Fixe: Request for Inspection of Anchors and Chains in Lowering Stations

07/29/2015: Barcelona, Spain: The spanish manufacturer of climbing-safety-hardware TechRock request for inspection the lowering stations and stations for abseiling with chains inox from Fixe. Some chains were detected in Germany where corrosion and tiny cracks is seen in the material. It had been an incident in Germany with an anchor that suddenly broke unpredictable due the corrosion affectation.

Sewn cords break at a lower weight than published weight values, posing a fall hazard.

2014/03/25, Biddeford, Maine, USA: The US-manufacturer of life safety rope, cord and hardware, Sterling Rope, recalls sewn cords ropes with 8mm cords for prusik e.g. The cords not meeting the standards.

Micro-Cracks And Vibrations Broke Carabiners in Pulleys for Zip Lines

Petzl Warns and Invoice for Inspection the Vertigo Carabiners

2014/03/18, Crolles, France: The manufacturer of safety and climbing equipmwent Petzl invoice for inspection Vertigo carabiners for the pulleys Trac and Trac Plus. The inspection routine must change.

Three adventure parks that operate zip lines have informed Petzl of cases where a VERTIGO carabiner broke on the TRAC and TRAC PLUS pulleys.


Metallurgical analyses have shown that the breakage is caused by a corrosion micro-crack that forms on the surface and spreads very slowly through vibration fatigue in the most stressed part of the carabiner (see photo below). This crack was not detected during repeated PPE inspections, as it is located in the upper part of the carabiner which is hidden by the pulleys’ side plates.

Vertigo-Karabiner Microrisse  Vertigo-Karabiner Microrisse detail

According to Petzl analyses, this phenomenon is a result of the combination of two contributing factors:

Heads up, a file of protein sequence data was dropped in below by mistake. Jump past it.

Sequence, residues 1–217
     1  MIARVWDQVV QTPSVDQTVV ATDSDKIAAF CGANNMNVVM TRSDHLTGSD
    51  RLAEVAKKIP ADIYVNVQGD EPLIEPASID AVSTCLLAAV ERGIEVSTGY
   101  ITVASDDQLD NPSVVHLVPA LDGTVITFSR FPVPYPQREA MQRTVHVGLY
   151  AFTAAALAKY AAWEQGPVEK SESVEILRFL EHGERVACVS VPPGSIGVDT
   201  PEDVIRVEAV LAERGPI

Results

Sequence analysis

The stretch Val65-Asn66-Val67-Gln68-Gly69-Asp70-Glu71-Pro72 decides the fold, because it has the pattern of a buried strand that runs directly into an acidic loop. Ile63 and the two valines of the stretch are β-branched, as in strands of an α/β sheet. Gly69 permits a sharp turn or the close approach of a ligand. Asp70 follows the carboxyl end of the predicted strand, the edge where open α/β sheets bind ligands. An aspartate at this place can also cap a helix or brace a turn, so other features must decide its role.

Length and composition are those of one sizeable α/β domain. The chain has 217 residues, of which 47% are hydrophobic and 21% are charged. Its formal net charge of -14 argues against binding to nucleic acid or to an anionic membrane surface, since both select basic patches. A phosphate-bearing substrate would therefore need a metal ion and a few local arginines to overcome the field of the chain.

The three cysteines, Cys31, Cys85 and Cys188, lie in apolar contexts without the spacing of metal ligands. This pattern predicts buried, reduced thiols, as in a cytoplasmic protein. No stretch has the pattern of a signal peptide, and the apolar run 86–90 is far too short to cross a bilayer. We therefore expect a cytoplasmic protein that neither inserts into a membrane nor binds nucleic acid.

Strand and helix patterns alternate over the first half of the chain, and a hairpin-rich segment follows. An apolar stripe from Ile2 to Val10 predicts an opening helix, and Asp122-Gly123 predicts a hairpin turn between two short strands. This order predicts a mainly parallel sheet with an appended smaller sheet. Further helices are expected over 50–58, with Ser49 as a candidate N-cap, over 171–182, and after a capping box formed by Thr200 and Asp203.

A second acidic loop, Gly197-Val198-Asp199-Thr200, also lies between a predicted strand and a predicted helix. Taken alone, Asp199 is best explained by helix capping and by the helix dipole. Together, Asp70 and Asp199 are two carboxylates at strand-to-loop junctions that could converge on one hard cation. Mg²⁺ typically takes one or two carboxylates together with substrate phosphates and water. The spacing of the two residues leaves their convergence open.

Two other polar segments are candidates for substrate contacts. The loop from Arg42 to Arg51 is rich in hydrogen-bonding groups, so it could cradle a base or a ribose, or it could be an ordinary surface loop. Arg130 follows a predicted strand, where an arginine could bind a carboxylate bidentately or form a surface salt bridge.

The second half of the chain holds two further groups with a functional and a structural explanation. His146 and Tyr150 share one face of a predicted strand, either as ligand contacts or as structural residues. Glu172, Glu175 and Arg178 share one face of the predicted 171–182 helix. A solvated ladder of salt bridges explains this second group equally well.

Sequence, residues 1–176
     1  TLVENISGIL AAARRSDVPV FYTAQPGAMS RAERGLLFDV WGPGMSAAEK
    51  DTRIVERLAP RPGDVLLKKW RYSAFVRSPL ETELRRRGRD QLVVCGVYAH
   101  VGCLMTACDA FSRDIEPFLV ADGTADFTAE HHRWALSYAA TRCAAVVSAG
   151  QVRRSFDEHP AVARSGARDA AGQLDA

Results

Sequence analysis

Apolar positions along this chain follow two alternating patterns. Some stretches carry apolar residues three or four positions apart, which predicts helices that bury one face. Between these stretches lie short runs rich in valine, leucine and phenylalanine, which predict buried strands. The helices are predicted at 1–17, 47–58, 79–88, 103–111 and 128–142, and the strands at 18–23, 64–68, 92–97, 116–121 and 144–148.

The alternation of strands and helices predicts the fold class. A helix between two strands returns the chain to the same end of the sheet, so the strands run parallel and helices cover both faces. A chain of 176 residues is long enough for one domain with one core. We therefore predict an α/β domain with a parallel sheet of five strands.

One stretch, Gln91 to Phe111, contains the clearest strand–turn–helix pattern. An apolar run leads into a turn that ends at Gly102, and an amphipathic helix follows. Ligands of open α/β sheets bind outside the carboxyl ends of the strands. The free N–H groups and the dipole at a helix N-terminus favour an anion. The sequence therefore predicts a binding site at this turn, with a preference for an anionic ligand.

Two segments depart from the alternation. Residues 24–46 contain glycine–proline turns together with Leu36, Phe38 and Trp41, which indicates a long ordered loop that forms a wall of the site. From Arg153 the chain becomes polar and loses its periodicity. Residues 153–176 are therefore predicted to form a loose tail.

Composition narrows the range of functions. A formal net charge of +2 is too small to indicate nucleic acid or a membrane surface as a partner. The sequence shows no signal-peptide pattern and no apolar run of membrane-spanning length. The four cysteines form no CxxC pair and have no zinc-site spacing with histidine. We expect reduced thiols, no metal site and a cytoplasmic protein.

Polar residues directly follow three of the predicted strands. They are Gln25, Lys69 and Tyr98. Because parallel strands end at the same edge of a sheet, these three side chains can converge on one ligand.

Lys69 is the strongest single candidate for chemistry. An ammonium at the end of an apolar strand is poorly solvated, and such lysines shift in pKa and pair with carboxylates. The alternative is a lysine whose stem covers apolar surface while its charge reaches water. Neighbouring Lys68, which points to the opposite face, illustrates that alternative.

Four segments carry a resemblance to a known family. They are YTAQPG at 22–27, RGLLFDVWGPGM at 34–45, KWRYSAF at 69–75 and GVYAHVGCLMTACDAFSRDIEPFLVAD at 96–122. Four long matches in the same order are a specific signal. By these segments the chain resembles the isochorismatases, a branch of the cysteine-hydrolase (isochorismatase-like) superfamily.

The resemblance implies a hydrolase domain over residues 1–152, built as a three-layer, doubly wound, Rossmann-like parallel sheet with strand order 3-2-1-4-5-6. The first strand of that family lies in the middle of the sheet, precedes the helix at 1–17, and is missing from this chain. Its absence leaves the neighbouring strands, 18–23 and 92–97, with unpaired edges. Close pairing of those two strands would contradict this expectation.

• a corrosive environment: near the ocean, a stretch of water, etc.
• very intensive use: combining a high frequency of use with a very long zip line produces vibration effects.

As a result of this feedback from the field, Petzl recommends:

When inspecting your parkfs PPE, the VERTIGO carabiner should always be removed from the TRAC and TRAC PLUS pulleys to allow for a complete and detailed inspection. As outlined in the PPE inspection procedure, any crack found on a carabiner indicates that it must be immediately retired. The PPE inspection sheet for TRAC and TRAC PLUS pulleys is available in attachment.

Adapt the frequency of TRAC and TRAC PLUS pulley PPE inspections to the intensity of use:

Distance traveled under 2 km/day = frequency: 3 months (dry environment), 2 months (humid environment)
Distance traveled over 2 km/day = frequency: 2 months (dry environment), 1 month (humid environment)

Use a back-up system that captures the zip line cable.

The inspection sheet in the attachement in english.

 How important is snow density for survival underneath an avalanche?

Experimental study conducted with test subjects and an artificial avalanche

2014/03/14, Bolzano, Italy: The snow density may play a much greater role than previously assumed in the ability of a person to survive avalanche burial. Researchers believe that the snow density could exert an even stronger influence than the size of the available air pocket in the snow. In order to investigate this theory, researchers at the EURAC Bolzano, Innsbruck Medical University, the WSL Institute for Snow and Avalanche Research SLF in Davos and the Institute for Sports Science of the University of Innsbruck conducted an experimental study with test subjects and an artificial avalanche in the Puster Valley (South Tyrol) between January and March 2014.

IMG 0720 kleinIn earlier studies, the researchers had observed that a person buried in an avalanche consisting of dry, loosely bonded snow can survive longer than a person engulfed by an avalanche consisting of wet, dense snow, who is likely to be asphyxiated sooner because less air penetrates the snowpack. These observations prompted the question addressed by the recent study: Exactly how great is the influence of snow density on the ability of a person to survive an avalanche burial if he has access to an air pocket in the snow and is able to breathe?